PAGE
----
What to make of the felicities, inflations, category mistakes that turn into dredged-up incidental truths about an art? ‘Seldom has more personality walked through American criticism,’ Manny Farber wrote, ‘with such slyly cloaked overpossessive manners.’ One of Agee’s few peers in the imaginative retention of scenes and cinematic styles, Farber was struck by Agee’s ‘three-dimensional use of I-constructions, which seldom aroused the reader to its essential immodesty’. The drifting assurance and ease of the talk can indeed become an irritant, and the upward comparisons to earlier arts a hindrance. But it took Agee to comment on the subtlety of Teresa Wright’s work as the veteran’s daughter in The Best Years of Our Lives, and he added deftly that she shows ‘something of a novelist’s perceptiveness behind the talent’. The preference for dealing in personalities anyway keeps him alive to an energy in movies that few previous reviewers had found a language for. What to say about a film like To Have and Have Not, which on a second and third viewing may get better without growing larger? Agee says he likes the ‘nervy, adolescent new blonde, Lauren Bacall’ and concludes:
About all that Howard Hawks and his writers (William Faulkner and Jules Furthman) and Bogart try to do is to set this arrogant neophyte off to the best possible advantage, to cover up her weaknesses – or turn them into assets – and to toss campstools under her whenever she wobbles. This in itself is a pleasure to watch; so is the way she rewards them; still more, I enjoyed watching something that obviously involved relaxed, improvising fun for those who worked on it.
It is the best imaginable clue to the film – the mood of a performer held and made keener by the joy of the watcher. The main characters are both playing and watching most of the time, and they know it.
There is a traceable emphasis on actresses in Agee’s reviews, probably hard to gauge from week to week, but looked at from a distance the pattern is revealing. Much as he can appreciate Walter Huston in Sierra Madre, or Olivier as Henry V and Hamlet, Agee betrays a certain deadness, evident mostly by omission, to the masculine styles of his time. Neither The Big Sleep nor Casablanca rouses him to say much about the talent and glamour of Humphrey Bogart, and the words he expends on stars like James Cagney, Robert Mitchum and Dana Andrews are almost perfunctory. This, too, was the age of film noir: Agee caught the feel of the genre and, in a sharp-witted review of Double Indemnity, admired Billy Wilder’s tact ‘for the streets and suffocating marriage hutches and calm-lighted Piggly Wigglies and heartlessly resonant offices of his city’. He noticed, more broadly, the way such a movie could dwell without pretence on ‘surfaces and atmospheres’ for the sake of ‘tellable trash’. Agee’s strength as a critic is that he can make such an observation on the spot. Yet he goes nowhere with it. Other films in this line keep coming, Shadow of a Doubt, Murder My Sweet, The Strange Love of Martha Ivers, and he offers his views, discriminating or occasionally silly, yet he does not see the value in trying to make a generalisation. Even an instance as artful as Out of the Past draws nothing beyond a reflexive reprimand of Robert Mitchum’s attitudes in the love scenes.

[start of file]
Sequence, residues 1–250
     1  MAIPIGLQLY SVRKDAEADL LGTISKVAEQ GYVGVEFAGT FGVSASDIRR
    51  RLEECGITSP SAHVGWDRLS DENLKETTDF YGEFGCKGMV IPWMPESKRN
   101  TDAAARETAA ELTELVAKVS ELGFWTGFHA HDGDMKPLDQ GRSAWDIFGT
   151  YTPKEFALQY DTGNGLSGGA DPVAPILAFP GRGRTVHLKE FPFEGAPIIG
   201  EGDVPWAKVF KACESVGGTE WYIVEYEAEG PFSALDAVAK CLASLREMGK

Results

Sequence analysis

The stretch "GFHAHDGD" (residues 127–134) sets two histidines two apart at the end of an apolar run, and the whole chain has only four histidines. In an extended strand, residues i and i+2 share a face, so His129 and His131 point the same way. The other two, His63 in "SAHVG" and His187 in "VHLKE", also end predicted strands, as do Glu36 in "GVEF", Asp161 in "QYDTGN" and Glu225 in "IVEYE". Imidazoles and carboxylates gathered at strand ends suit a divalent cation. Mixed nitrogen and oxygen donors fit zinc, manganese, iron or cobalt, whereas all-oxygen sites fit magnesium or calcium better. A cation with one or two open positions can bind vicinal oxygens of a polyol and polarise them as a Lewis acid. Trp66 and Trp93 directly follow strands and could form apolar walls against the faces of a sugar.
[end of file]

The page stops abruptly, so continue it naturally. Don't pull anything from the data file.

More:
Agee’s span as a reviewer covered much of the Second World War, and on films about the war his tastes again are unexamined, peculiar and consistent. He gives a lot of time to documentaries such as The Battle of San Pietro and The Memphis Belle by skilful directors like Huston and Wyler who would emerge with greater independence after the war. He is surprisingly cool and fastidious towards A Walk in the Sun, the ballad structure and demotic portraiture of which he might have been expected to care for – yet Agee was at once attracted and repelled by the Popular Front, and this reaction plays out in unpredictable ways. The Life and Death of Colonel Blimp he appreciates for the acting, but he misreads the tone of the gentle satire completely. The wakefulness needed in a critic is as regular a demand as any exertion of the arts, and Agee practised it in a middling way, as if he were saving it for better things. The portrayal of the war he seems to have respected most was The Story of GI Joe: a fiction based on the articles of Ernie Pyle, whose naturalism could not but remind Agee of his own attempts at prose documentary. Yet these are ‘grateful’ notices, and limited in their claims. Olivier’s Henry V sends him over into exultation. Why? Part of the reason is that a spectacle attainable in movies alone and a language possible in talkies were fused in a way that pointed to something beyond themselves. In a casual phrase that one might easily miss, Agee also confesses that he has seen only a few stage productions of Shakespeare, none of them any good. The speaking of these lines by actors who could say them naturally came to him as a revelation.